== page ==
Father, Son, Holy Ghost
Key Track: “Vomit”
I don’t know what it says about the rest of the year in music that our choice for the number one album was in so many ways an anomaly. As production values got more and more questionable throughout indie rock, Girls frontman Christopher Owens went and made one of the most tastefully expensive-sounding recordings we’ve heard, frankly, in decades. As the guitar fell further and further out of favor, Owens held onto his for dear life, even throwing in the relatively blistering hard-rocker “Die,” returning the favor to the growing ranks of people who’d thumb their nose at such a thing. As personal narrative came to be frowned upon, Owens boldly refused to remove himself (or at least the idea of fully formed, soul-baring main characters) from the equation—he’s still mostly interested in writing about the well worn subjects of love and loss. As the focus shifts toward generalized vibes and barely hinted-at moods, Owens continues to prize melody and words above all else.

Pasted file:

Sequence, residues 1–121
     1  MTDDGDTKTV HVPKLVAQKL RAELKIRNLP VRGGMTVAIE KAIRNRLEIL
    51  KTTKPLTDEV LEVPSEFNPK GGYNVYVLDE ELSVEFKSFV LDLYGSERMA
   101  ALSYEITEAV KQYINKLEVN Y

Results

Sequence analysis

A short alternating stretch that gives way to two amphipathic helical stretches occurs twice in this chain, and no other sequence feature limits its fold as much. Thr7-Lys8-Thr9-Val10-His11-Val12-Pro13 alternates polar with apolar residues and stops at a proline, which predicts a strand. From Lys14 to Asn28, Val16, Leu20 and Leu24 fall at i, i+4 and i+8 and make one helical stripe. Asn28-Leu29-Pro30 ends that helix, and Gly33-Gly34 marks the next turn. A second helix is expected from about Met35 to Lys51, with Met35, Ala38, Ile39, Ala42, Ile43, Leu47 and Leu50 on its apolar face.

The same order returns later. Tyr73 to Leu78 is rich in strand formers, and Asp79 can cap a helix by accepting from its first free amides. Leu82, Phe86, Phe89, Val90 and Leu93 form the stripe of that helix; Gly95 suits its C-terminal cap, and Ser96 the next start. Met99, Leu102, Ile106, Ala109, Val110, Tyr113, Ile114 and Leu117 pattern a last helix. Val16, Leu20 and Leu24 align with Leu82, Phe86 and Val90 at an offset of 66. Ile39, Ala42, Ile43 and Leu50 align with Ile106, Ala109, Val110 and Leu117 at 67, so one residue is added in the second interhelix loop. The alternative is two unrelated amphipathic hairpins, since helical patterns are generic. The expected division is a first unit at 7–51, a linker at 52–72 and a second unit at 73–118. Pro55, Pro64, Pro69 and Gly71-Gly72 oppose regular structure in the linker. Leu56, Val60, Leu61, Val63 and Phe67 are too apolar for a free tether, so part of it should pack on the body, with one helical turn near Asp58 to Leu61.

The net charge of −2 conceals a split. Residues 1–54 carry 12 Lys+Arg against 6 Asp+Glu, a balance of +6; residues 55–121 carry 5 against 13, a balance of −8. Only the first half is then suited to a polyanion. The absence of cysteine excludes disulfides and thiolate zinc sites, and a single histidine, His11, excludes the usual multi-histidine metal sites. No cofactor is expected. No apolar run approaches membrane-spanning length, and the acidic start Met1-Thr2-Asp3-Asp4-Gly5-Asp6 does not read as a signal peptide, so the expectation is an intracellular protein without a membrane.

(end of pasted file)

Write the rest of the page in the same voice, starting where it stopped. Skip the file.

All combined, this could make for a record that seems hopelessly outdated, but only if you buy into the notion that art can in fact be outdated, as opposed to merely effective or ineffective, which you shouldn’t. And you don’t have go making any of those silly “He’s a formalist! And a wonderful one at that!” arguments either. Owens communicates his ideas brilliantly, using careful, subtly poetic language and a wonderfully expressive instrument of which he displays something resembling total mastery. To simplify it seems a shame, but to over-complicate seems an even greater one.